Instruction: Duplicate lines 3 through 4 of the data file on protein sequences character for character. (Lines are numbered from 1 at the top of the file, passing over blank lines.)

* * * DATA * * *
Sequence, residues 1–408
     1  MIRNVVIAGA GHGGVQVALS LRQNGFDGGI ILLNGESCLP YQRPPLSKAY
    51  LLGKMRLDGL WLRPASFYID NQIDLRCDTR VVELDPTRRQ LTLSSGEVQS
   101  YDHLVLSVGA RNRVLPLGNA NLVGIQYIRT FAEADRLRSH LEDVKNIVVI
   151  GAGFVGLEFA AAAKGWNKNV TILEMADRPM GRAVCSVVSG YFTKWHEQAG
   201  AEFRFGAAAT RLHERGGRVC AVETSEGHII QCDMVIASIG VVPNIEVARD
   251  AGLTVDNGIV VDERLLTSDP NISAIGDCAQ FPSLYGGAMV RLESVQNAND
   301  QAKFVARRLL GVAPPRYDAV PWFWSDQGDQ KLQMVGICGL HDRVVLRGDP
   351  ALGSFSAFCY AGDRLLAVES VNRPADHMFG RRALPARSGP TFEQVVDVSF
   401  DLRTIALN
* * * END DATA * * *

    51  LLGKMRLDGL WLRPASFYID NQIDLRCDTR VVELDPTRRQ LTLSSGEVQS
   101  YDHLVLSVGA RNRVLPLGNA NLVGIQYIRT FAEADRLRSH LEDVKNIVVI